I've been working with kids on their PBATS (performance-based assessments) at BCS. Their thesis question is "How do people maintain their dignity in an oppressive society?" So we are looking at art, music, armed resistance, family life, quilts, Frederick Douglass, Dave the Potter, Nat Turner, Harriet Tubman, John Brown. I've been reading quite a few picture books about different aspects of American slavery and there is a lot of wonderful stuff out there. Keep in mind that just because they are picture books, they are not for little kids... maybe 3rd grade and up, but WOW! They are a great tool for older kids and grown-ups to fill in a lot of holes in their knowledge base. The John Brown book (left) led me to deepen my understanding of this controversial character.

I read a darling biography of Jacques Cousteau called Manfish to my 3rd and 4th grade 12:1 kids at
BNS. They enjoyed it a lot. Nothing quite like getting a group of fascinatingly different types of learners who all engage in the story in different ways.

Went to a NYC DOE library conference with Susan last month. Saw Joy who was there with Brooklyn Public Library Summer Reading! Some schools are doing amazing things with technology -- predominantly with personal devices like iphones. The future is here. When will New York City public schools catch up?

For those of you who really enjoyed Please Ignore Vera Dietz, I highly recommend another A.S. King book called Ask the Passengers.

Remember Veronica Rother and Divergent? Did anyone read Insurgent? Someday, maybe. Anyway, the third book in the trilogy is coming out in October and will be called Allegient! Is that a real word?

Kris and Jack
I saw jack Gantos with our old friend and infrequent member Kris Hartley-Manieri on May 11 at the 92nd Street Y! He is charming and Kris has a HUGE crush on him. So psyched a sequel to Dead End in Norvelt is coming out -- From Norvelt to Nowhere.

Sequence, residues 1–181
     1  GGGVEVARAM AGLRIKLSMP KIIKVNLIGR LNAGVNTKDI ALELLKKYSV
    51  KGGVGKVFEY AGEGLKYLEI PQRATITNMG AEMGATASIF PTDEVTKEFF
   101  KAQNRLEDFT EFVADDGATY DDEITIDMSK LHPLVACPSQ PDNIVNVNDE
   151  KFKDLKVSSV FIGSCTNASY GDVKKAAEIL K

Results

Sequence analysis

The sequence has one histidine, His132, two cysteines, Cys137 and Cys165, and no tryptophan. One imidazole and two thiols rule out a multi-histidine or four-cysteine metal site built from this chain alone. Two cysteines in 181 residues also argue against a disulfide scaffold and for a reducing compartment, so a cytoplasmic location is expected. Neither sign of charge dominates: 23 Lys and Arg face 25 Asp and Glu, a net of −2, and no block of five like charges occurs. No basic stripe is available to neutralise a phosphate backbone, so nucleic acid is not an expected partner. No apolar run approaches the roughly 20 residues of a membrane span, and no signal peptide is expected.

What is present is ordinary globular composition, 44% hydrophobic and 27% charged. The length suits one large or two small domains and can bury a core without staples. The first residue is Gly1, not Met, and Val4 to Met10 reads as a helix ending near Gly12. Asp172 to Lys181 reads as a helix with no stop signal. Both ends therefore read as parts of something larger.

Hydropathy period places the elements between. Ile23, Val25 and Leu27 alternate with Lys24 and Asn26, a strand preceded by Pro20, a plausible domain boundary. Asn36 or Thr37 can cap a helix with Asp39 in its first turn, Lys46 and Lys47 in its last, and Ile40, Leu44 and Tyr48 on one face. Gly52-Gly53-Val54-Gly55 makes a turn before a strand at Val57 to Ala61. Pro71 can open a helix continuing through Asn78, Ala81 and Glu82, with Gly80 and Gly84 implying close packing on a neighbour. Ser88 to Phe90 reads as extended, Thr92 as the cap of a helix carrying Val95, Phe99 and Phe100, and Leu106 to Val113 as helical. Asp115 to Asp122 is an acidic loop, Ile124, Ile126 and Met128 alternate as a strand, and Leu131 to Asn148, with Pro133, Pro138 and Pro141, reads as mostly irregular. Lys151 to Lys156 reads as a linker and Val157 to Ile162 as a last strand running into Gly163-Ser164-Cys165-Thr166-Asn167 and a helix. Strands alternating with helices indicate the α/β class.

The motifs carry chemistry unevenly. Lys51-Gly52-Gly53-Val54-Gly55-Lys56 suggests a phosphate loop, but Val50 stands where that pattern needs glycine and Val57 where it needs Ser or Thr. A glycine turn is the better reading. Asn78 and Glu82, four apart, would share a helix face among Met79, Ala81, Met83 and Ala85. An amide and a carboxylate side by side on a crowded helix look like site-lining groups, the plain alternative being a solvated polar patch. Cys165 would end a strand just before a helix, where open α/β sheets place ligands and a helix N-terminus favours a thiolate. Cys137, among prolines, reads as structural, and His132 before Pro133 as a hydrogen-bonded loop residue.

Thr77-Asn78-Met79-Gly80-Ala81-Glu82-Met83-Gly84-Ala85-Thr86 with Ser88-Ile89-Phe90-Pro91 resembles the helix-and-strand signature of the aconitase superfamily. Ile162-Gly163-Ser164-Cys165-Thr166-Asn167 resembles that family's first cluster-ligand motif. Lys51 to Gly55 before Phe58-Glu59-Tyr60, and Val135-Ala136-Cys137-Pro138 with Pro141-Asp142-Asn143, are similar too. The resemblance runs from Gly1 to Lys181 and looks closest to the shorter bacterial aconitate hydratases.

Recap of What We've Read -- One Year Later!

I think it's time for a little recap of what we as a group have read in the year+ we've been getting together. What a great list. Every one of those titles has taught me something. I'm talking teen angst, social history, parenting, gender roles, race, heartbreak, and survival. Next time we are ALL together, meaning no one is sick, everyone has a babysitter, no one has a business commitment, lets discuss what the group has meant to us, what we like, what we don't like, and what we'd like to read in the future. Thank you all for being part of such a great collection of women readers.

Dead End in Norvelt by Jack Gantos
Divergent by Veronica Roth
Fault in Our Stars by John Green
The Apothecary by Maille Meloy
Beauty Queens by Libba Bray
Crystal Stair by Vaunda Micheaux Nelson
Perks of Being a Wallflower by Stephen Chbosky
Vast Fields of Ordinary by Nick Burd
Aristotle and Dante by Benjamin Alire Saenz
Please Ignore Vera Dietz by A.S. King
Code Name Verity by Elizabeth Wein

Sunday, June 9, 2013

Code Name Verity

It's June 10 already! Time to talk about Code Name Verity by Elizabeth Wein. Word on the street is that a some of us (me!) had a hard time getting into this book and for the life of me, I can't quite put my finger on what was bugging me. Soooooooo, I'm very eager to discuss this!